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September is Sepsis Awareness Month: What you need to know

Community news | Wednesday, August 23, 2017

Contact: Dave Ommen

King's Daughters' Health, in conjunction with the Indiana Patient Safety Center of the Indiana Hospital Association, is working to improve awareness and understanding of sepsis during national Sepsis Awareness Month in September.

One of the first objectives is to answer a basic question: What is Sepsis? Often, sepsis is thought of as an infection that has spread throughout the body. In reality, sepsis is the body's overwhelming and potentially life-threatening response to an infection that can cause the body to injure its own tissues, such as skin, muscle, heart, liver, lungs, or kidneys.

Any type of infection can cause sepsis, even seemingly minor infections of the skin, so it's important to understand the potential warning signs of sepsis. Locally, urinary tract infections and pneumonia (or other lung infections) tend to be the most common causes of sepsis. Those most at risk of developing sepsis are the young (under age 10) and the elderly (over age 65). Additional risk factors include: a weakened immune system, having a Foley catheter or IV, and having a chronic illness such as diabetes, or kidney or liver disease.

Symptoms/Warning signs of sepsis

While symptoms of sepsis can include diarrhea, vomiting, and sore throat, it's also common for someone with sepsis to display more serious, rapidly appearing symptoms, such as:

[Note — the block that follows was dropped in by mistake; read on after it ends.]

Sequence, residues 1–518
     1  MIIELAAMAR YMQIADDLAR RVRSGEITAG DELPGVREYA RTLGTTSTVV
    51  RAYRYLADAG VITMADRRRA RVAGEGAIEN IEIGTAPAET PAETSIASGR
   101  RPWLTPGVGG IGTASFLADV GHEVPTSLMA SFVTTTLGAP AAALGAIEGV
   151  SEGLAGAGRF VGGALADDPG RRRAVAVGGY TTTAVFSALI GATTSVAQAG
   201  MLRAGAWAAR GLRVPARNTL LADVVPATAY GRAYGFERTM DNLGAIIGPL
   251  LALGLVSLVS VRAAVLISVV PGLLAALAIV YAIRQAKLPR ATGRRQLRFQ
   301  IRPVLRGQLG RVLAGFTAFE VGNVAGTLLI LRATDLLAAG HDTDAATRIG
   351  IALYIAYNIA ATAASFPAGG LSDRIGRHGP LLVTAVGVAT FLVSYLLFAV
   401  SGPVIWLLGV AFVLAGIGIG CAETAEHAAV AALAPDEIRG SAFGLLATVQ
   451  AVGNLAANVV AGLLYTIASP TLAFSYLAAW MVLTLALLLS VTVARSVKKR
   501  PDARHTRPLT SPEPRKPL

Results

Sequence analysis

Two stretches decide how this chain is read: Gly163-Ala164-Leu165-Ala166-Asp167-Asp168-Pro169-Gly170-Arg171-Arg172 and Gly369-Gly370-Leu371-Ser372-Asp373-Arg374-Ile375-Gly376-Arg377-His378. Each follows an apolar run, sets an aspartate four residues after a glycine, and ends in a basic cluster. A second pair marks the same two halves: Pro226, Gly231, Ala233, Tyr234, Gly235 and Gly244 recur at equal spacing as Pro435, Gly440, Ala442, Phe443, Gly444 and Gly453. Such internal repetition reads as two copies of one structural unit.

• An elevated fever – associated with shivering, chills, or feeling very cold;
  • Extreme pain or discomfort, or progressively feeling worse than ever;
  • Pale or discolored skin;
  • Rapid or difficulty breathing, compared to your normal rate;
  • Sleepiness, confusion, or difficulty waking up;

If you or someone you know develops any of the above symptoms, contact your doctor right away or go to your nearest emergency room. Be sure to tell your doctor that you think you might have sepsis. Be honest about how you feel and do not dismiss or downplay symptoms. Early diagnosis and treatment are important.

To reduce the risk of sepsis, health professionals encourage patients of all ages to stay updated with their vaccinations, get a flu shot each year, clean scrapes and wounds, and practice good hand hygiene, such as handwashing. If you have specific questions, talk to your doctor or healthcare provider.

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